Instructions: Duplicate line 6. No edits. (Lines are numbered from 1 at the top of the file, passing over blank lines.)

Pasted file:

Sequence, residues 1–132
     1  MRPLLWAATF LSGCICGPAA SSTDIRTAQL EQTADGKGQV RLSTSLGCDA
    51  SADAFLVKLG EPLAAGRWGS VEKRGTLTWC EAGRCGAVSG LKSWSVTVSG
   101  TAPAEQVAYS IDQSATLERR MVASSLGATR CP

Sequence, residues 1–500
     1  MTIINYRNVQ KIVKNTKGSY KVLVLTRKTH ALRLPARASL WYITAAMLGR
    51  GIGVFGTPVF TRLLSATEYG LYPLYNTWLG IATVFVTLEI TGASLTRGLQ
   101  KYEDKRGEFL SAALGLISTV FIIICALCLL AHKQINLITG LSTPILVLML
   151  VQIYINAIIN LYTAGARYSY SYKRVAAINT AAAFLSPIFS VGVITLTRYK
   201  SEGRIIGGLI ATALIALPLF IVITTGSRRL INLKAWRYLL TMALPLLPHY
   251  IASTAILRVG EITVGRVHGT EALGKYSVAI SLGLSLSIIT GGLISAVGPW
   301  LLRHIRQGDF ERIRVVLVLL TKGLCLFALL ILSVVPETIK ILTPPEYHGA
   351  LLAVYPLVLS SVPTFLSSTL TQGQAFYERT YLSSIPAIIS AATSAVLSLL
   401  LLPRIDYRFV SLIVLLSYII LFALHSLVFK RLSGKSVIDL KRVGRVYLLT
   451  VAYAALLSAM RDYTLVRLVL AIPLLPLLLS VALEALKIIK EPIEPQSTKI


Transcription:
     1  MTIINYRNVQ KIVKNTKGSY KVLVLTRKTH ALRLPARASL WYITAAMLGR